On the day the Dell/EMC acquisition/merger completed, HPE announced it was selling off a load of non-core software assets in a “spin-off” merger with UK’s Micro Focus. HPE gets $2.5 billion in cash and HPE shareholders get a 50.1% ownership of the new entity, which will continue to be called Micro Focus. In addition SUSE Linux will become HPE’s Linux distribution of choice for use in their own private cloud solutions.
This latest spin out/merger is one of a number of dramatic changes that has taken place with HP over the last two years. First the company split into two, with HPE taking the enterprise business and HP the printing business. In May this year, HPE merged their services business with CSC in a deal that was worth a similar amount to today’s announcement. Effectively Meg Whitman is unravelling some of the bad decisions of the last few years, including the purchase of Autonomy and acquisition of EDS in 2008. There’s more focus on delivering infrastructure to clients, rather than moving revenue to services – remember HPE’s public cloud offering was also culled at the beginning of 2016.
What’s interesting about this news is the parallel with Dell Inc (now Dell Technologies) and the focus on infrastructure. Dell’s services arm was sold off to NTT in March 2016, presumably to raise cash for closing the EMC acquisition, but also as part of a plan to focus on the core business of selling infrastructure. Some software assets were also sold off in June 2016 to private equity companies.
Getting in Shape
For both companies, the recent acquisitions and sales show an intention to get into shape for the upcoming fight in selling infrastructure to the Enterprise. What’s interesting to see is that neither company has completely divested in their non-hardware assets – Dell gains VMware, Virtustream and Pivotal, either as separate companies or as part/full owner. HPE is remaining part of the CSC and Micro Focus businesses by having a shareholding in the new organisations. It’s fascinating to think what this might mean going forward. It’s like neither business wants to fully commit to where future revenue for their business may lie. I say this because I can only assume that infrastructure sales will become a dwindling business as companies move to public cloud; it doesn’t seem to be enough that infrastructure alone will keep businesses buying on-site solutions.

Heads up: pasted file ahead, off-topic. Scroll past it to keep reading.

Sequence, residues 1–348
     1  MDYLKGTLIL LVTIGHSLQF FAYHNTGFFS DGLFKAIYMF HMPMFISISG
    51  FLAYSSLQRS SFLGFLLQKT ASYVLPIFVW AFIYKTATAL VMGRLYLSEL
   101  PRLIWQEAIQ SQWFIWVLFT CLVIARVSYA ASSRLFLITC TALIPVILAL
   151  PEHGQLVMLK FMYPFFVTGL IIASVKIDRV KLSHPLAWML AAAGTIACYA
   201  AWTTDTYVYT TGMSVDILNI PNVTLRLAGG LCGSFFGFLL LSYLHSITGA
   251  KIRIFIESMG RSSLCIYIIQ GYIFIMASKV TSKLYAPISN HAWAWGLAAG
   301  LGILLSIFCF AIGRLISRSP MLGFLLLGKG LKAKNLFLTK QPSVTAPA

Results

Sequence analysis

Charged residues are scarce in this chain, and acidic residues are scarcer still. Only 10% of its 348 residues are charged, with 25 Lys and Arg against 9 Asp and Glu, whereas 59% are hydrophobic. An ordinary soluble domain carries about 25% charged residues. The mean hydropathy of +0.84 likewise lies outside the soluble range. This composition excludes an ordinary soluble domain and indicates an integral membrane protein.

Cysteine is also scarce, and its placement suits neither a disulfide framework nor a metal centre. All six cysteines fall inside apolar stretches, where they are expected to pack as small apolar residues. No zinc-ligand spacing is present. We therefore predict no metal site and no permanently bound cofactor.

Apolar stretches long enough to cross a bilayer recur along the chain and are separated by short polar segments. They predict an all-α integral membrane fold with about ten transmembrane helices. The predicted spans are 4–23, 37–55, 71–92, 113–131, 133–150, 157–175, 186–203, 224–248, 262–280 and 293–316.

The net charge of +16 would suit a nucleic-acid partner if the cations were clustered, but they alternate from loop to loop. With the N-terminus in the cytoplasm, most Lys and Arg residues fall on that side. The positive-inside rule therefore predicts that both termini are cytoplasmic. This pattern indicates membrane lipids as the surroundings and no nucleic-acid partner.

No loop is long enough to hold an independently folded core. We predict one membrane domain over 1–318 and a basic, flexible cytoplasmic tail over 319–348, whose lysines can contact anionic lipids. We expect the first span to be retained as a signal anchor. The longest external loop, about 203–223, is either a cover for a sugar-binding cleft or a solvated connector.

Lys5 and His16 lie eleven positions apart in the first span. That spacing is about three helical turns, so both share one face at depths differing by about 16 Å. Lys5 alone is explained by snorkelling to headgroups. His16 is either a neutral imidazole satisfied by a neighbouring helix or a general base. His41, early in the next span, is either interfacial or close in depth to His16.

The Architect’s View
The battle lines are certainly being drawn between HPE and Dell. The Dell-EMC merger is only at the very beginning of what will be a long road to bring multiple companies towards one strategic direction – that of Dell Inc. There is product overlap to address, potential redundancies as at least the admin organisations of both companies are rationalised. There are decisions to be made about where to focus R&D. Most of all there’s the unsaid question of how Dell will deal with those software/services assets. Will they simply be brought in house over time and become divisions rather than separate companies?
For HPE, the focus is on infrastructure, with recent sales perhaps putting some money in the war chest for acquisitions. Who could be in the firing line? Nutanix, SimpliVity? Could they be bold and acquire someone like Docker or CoreOS?
I have to say that I don’t know the answer and I doubt anyone does, however it’s going to be fun watching.
- HPE Accelerates Strategy With Spin-Off and Merger of Non-Core Software Assets With Micro Focus (HPE Press Release, retrieved 8 September 2016, published 7 September 2016)
- Hewlett Packard Enterprise will spin off its troubled services business in an $8.5 billion deal (Recode, retrieved 8 September 2016, published 24 May 2016)
- Japan’s NTT Data agrees to buy Dell’s IT services unit for $3 billion (Reuters, retrieved 8 September 2016, published 28 March 2016)
- Confirmed: Dell software sell-off (The Register, retrieved 8 September 2016, published 20 June 2016)
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